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Adopting a rescue dog is an incredibly rewarding experience, but those first 24 hours together are crucial for getting your new pup comfortable in their forever home. With so much change and uncertainty for them, it's important to be patient, create a secure environment, and help them make the transition at their own pace.

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A sshelter dog resting in his new home

Picking Up Your Pup From the Shelter

The moment you pick up your new dog from the shelter is both exciting and nerve-wracking (for both of you)! Here are some helpful tips to ensure a smooth and safe transition from the shelter to their new home.

  1. Bring a cardboard carrier and leash - A sturdy cardboard carrier or a soft-sided pet carrier will provide a secure and comfortable space for your dog during the journey home. The leash is to ensure you can safely guide your new dog when they leave the carrier. However, that being said…
  2. Carry them - To ease their stress and to make them feel safe and protected, consider carrying them from the shelter to your car rather than using the leash at this point. This physical contact can provide comfort for them.

During the journey home, if you are travelling by car, ensure the carrier is placed securely onto the seat to prevent shifting and sliding. You can use the seatbelt, or place it on the floor if there is room.

It is also best to avoid overstimulation. During the car ride, keep distractions to a minimum (e.g limit the number of people in the car and avoid bringing any other pets on the journey with you).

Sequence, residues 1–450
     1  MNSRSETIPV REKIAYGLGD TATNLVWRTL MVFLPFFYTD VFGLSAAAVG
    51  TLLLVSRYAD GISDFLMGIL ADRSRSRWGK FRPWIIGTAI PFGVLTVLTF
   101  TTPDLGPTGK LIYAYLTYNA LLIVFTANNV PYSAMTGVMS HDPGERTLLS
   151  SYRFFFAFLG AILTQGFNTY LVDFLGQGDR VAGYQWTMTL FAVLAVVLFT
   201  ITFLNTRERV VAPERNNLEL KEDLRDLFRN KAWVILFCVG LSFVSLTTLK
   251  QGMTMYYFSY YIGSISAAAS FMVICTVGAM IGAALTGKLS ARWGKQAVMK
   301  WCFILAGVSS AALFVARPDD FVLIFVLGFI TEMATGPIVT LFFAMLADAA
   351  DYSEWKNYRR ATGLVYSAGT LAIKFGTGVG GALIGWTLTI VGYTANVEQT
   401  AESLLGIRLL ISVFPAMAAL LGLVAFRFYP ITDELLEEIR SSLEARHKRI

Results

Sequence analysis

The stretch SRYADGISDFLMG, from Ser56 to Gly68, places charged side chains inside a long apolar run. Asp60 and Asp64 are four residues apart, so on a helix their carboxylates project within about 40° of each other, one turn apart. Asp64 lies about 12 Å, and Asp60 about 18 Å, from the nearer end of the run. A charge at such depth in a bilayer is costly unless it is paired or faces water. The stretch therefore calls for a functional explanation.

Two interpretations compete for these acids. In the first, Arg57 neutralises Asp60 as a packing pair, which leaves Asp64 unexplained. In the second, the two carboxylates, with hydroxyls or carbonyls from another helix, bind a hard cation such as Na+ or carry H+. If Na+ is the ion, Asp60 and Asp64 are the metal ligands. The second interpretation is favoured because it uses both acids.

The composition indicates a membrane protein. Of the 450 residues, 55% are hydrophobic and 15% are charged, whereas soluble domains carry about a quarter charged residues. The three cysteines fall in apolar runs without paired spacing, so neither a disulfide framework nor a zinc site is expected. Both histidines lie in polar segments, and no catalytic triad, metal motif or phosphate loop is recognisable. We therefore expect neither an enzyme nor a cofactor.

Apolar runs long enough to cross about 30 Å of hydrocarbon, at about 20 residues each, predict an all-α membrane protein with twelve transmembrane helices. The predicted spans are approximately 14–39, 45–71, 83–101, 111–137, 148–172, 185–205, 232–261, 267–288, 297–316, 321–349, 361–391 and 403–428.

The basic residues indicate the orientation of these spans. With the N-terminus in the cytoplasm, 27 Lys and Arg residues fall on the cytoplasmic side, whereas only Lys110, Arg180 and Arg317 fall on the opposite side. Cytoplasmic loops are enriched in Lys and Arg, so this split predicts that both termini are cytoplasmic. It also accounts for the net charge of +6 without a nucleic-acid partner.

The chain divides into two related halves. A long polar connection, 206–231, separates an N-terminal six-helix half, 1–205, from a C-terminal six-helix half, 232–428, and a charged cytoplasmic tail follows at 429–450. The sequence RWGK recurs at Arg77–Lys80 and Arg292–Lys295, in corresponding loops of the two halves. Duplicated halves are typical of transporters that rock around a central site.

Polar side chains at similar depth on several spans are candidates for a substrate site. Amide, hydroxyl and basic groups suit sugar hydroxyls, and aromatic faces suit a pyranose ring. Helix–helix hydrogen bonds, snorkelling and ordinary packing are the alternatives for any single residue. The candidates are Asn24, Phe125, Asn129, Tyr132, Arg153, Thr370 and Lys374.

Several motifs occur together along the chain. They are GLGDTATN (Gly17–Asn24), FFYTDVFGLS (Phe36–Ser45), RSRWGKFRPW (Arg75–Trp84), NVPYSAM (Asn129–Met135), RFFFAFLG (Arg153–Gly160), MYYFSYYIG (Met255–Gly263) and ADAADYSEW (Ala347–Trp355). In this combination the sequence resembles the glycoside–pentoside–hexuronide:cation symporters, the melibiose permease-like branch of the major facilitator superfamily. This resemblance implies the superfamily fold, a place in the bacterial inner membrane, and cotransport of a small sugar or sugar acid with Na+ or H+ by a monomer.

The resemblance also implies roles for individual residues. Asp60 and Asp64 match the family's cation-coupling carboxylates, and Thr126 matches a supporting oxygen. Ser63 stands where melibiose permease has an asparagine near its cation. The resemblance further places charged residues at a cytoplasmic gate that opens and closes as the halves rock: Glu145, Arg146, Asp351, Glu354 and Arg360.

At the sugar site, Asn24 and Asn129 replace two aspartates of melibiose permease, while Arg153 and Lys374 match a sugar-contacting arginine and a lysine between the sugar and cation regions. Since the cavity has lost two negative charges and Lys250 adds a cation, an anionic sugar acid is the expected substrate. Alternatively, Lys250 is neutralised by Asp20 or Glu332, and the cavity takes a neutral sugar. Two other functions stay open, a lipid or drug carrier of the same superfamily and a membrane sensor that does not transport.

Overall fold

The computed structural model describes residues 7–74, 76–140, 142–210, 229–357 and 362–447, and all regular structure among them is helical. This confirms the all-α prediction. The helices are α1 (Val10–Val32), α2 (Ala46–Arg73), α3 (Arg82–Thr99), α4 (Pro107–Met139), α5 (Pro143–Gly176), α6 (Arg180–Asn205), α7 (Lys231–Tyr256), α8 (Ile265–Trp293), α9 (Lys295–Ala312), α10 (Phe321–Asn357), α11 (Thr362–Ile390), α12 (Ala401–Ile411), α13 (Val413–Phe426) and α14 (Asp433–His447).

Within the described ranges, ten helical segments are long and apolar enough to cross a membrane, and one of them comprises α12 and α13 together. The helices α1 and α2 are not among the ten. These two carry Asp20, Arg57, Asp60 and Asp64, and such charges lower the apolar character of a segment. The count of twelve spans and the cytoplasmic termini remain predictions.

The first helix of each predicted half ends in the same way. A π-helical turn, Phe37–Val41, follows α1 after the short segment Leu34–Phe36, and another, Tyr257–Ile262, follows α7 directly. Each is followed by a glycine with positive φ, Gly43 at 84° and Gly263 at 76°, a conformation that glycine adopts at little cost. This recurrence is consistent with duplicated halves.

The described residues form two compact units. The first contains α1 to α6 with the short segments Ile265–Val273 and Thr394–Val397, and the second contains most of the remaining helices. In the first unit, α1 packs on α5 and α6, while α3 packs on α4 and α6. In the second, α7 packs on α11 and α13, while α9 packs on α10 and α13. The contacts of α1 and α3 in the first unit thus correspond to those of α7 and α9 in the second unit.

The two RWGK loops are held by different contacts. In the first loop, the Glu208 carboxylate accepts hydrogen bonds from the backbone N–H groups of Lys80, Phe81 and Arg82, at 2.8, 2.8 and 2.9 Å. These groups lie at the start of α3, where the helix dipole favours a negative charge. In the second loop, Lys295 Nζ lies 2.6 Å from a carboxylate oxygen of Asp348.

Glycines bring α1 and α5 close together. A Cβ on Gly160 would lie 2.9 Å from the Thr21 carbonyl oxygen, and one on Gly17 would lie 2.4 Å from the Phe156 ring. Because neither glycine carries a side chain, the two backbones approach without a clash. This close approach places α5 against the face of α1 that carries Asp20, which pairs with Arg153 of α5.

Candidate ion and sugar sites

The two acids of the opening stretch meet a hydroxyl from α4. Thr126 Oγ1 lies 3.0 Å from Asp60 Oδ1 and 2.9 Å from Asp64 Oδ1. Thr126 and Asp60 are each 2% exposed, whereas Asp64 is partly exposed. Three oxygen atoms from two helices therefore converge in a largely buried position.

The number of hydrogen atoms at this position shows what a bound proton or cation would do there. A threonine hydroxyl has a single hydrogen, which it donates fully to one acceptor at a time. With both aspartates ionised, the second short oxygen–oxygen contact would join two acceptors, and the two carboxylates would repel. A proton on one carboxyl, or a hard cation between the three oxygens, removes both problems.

Preparing Your Home for Your New Dog’s Arrival

Bringing home a new rescue dog requires some preparation to help them comfortably and safely settle into their new environment. The key steps include:

  • Dog-proofing: Remove any small or dangerous objects a dog could choke on or that may be harmful if chewed, like children's toys or batteries. Secure electrical cords and toxic household items. Prevent access to rooms or items you wish to be off-limits.
  • Setting up a contained area: Creating contained areas within your home can help your new dog feel secure and gradually acclimatise to their new environment. Consider setting up a cosy, designated space for your dog, such as a crate or a comfortable dog bed in a quiet corner. This space can serve as a safe retreat where your dog can rest and feel protected during the initial adjustment period.
  • Preparing supplies: Have food and water bowls, treats, toys, and other basics ready for your new dog's arrival.

They’ll more easily make the transition into your home knowing that their needs are met and that nothing will harm them in their new surroundings.

Arriving Home and First Introductions

The initial introduction between you and your new rescue dog sets the foundation for your relationship. It’s crucial to approach that first meeting with patience and calmness. An overly excitable homecoming can quickly overwhelm them!

Give your new dog time to venture out and explore their surroundings at their own pace. Let them sniff around and get acclimated before formal introductions. Resist the urge to immediately smother them with affection (no matter how adorable they are!).

When it's time for greetings, speak in a soft, friendly tone and move slowly. Sit down at their level rather than standing over them. Allow the dog to approach you first before attempting to pet them. You can even give them treats and praise for positive reinforcement.